Photography Tips: Change Your Angles

by Cate on February 8, 2011

When it comes to food photography, I think food bloggers have heaps more challenges than the food stylists that set up the shots for magazines, cookbooks and the like.  For one, the pictures you see here (and most other food blogs/web sites) are of edible food.  It goes from that plate to our mouths. The ones you see in print ads, commercial, magazines et al largely are not.  They rely on many tricks of the trade to make the food look mouth watering, but also rendering it inedible.  They also don’t have a hungry family or dinner guests waiting for you to “just get one more shot” before they can dig in.  It’s a completely different perspective and process for food bloggers, for sure, but we all develop our own method of doing it along the way.

Today my tip for you is to change your angles and your set-up to make sure you get your m-o-n-e-y shot.

Stand on a chair and take an overhead shot.

Take your picture from the left and then the right, giving your plate different lighting each time.

Turn the plate around and take pictures along the circumference.

Change the background.

And the lighting.

And, of course, do this all before your family gets mad that their dinner is getting cold.

For the one or two shots you see here with each post, there are usually a minimum of 10 (but admittedly sometimes 100+, depending on the topic) that were discarded and didn’t make the cut for whatever reason.  Since it’s not as easy to have a redo, I try to take as many configurations as possible to ensure that I get the m-o-n-e-y shot,  because it totally sucks to download pictures and realize too late that nothing works.

Last week’s picture of my sea bass from our Foodily launch outing is a perfect example of how changing my angle and turning the plate around worked.  The first three pictures never would have seen the light of day had they not been excellent examples of bad shots and why angles are important.  The lighting in our private room was low, the plate was white, the fish was white, the salad was pale.  It was a challenge.  But for the last shot, I turned the plate around and caught the purple of the radicchio, and deemed it perfect.  While it doesn’t necessarily capture the sea bass (white fish on white plate, really?), it made for a colorful picture.

Shot 3

Shot 2

Shot 1

Sea BassDing, ding, ding. The one. The first three pictures would have been discarded for other reasons too, but for now, we’re just focusing on angles.  It’s something so simple (and completely free!), but makes a world of difference in your photographs.

Project 365
February 8, 2011

I regret to inform you that I took zero pictures today.  I can’t remember the last time that happened.  Definitely over a year ago.  Bummer.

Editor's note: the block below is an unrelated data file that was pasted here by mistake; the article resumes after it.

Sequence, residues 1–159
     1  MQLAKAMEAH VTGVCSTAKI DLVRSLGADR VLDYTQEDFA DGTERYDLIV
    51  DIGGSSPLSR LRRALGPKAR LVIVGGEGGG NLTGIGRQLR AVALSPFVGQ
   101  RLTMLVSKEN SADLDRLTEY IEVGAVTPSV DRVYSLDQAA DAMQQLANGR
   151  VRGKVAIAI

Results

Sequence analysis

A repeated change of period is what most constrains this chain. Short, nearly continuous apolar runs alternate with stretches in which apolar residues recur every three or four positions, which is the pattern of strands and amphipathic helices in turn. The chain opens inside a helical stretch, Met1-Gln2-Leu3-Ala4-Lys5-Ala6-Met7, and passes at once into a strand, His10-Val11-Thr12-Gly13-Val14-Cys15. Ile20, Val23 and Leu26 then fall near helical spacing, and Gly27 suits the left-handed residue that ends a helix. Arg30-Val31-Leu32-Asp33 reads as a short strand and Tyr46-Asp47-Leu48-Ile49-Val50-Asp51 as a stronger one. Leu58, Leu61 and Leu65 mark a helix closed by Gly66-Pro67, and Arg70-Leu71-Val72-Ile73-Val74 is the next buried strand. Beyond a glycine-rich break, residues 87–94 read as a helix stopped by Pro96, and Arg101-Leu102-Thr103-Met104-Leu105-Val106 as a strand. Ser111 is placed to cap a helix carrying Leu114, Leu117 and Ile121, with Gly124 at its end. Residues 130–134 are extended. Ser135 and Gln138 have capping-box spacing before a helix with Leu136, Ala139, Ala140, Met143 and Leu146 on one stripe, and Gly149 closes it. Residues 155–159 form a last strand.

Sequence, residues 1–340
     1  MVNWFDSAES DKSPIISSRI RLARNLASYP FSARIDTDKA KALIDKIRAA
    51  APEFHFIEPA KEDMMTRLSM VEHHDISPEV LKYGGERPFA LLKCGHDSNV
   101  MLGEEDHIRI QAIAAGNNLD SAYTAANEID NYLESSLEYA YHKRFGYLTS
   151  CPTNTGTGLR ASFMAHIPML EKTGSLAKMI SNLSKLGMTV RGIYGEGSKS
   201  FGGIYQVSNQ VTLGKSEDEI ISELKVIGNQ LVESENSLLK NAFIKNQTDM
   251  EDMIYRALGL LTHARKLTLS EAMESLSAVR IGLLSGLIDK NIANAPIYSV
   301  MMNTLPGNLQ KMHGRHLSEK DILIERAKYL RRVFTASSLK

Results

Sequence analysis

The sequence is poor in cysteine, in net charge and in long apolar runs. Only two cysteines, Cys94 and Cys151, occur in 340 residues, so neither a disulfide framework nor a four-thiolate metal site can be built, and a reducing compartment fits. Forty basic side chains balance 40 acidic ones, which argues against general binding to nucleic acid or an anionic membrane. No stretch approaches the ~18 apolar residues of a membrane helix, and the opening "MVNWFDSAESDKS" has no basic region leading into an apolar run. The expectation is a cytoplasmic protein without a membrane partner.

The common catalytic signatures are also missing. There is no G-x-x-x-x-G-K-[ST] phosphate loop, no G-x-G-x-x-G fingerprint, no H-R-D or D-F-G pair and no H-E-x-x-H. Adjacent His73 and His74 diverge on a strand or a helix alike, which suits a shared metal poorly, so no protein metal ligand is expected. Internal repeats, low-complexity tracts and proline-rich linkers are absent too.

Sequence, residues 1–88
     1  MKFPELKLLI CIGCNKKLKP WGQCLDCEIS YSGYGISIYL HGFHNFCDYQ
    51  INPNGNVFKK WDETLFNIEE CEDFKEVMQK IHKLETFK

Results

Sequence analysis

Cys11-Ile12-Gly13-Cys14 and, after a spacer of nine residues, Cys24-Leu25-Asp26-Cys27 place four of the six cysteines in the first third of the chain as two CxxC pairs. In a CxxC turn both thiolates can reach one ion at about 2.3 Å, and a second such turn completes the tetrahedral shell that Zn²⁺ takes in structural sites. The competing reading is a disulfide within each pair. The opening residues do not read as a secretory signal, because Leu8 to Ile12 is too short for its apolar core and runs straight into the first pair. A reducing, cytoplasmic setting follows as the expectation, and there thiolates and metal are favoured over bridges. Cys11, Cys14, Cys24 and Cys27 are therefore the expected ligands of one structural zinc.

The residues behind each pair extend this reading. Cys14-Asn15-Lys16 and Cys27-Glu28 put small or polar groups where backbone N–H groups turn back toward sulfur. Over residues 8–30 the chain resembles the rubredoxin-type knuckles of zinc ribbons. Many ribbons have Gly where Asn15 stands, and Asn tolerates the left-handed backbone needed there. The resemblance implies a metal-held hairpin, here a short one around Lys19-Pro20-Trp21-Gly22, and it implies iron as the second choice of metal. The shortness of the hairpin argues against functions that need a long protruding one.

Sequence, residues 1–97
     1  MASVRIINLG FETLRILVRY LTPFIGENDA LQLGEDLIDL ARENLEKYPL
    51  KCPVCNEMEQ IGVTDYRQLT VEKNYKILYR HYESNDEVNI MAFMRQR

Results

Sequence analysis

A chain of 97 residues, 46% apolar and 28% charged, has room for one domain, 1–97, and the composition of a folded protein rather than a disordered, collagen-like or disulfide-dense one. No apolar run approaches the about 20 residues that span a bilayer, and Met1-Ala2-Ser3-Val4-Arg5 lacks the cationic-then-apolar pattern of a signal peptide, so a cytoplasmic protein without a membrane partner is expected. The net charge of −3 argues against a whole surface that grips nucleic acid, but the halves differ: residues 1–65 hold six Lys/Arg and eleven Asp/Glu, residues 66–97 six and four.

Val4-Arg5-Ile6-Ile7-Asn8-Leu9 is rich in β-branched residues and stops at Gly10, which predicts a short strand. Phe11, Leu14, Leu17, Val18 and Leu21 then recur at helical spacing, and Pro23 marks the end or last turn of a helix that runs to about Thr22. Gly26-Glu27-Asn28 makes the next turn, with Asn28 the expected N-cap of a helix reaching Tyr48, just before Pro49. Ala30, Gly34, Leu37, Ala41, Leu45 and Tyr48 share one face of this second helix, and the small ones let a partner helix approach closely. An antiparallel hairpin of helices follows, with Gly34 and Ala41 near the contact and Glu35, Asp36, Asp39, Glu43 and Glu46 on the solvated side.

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{ 7 comments… read them below or add one }

leslie February 8, 2011 at 10:08 pm

Great tips. I struggle with photography..I need all the tips I can find! :)


Joanne February 9, 2011 at 7:17 am

Oh if only you could see how many pictures it takes to get to the 4-6 pictures I use in each post…at least 60 if not more. It’s insane. Definitely have to take as many angles as possible in hopes of finally getting the money shot!


Sarah Caron February 9, 2011 at 9:16 am

Great tip! I’ve been working a lot on angles lately and have found that using a tripod can help a lot too — since the camera is steady and sometimes you find a shot you wouldn’t have otherwise.


Ramona February 9, 2011 at 10:45 am

Nice photos. I wish my camera did macros better.


paula February 9, 2011 at 12:09 pm

It really bothers me that I can’t get good pictures but that’s just how it is. I almost never have natural lighting unfortunately. But, as bad as my pictures are, they are usually better than most of those that were published in older cookbooks. Styles and photographic technology have changed a lot over the years.

To be honest, I like the second to last picture best. It’s not as ‘artsy’ I suppose but it gives me the best look at what was put in front of you at that restaurant.


Sarah February 9, 2011 at 4:34 pm

Oh Photography. It is the source of my food blogging demise. Not to mention my husband in the background saying “seriously, I’m going to eat it now, you can take a picture of me eating it.” LOL, poor guy.
Thanks for the tips. A fellow blogger of mine is a professional photographer and has been giving great tips on her blog lately.
this tip is one of my favorites, but all of them are SOOO helpful for those of us who are novice photographers


claire February 10, 2011 at 9:27 am

I thought of this post last night when I was taking pictures of a new recipe! Now, I must say I did NOT take hundreds of pictures (actually, less than 10) but Idid turn my plate and make different angles. Was pleased with what I saw on my camera…hopefully, I’m pleased when I upload them to the computer. :-)


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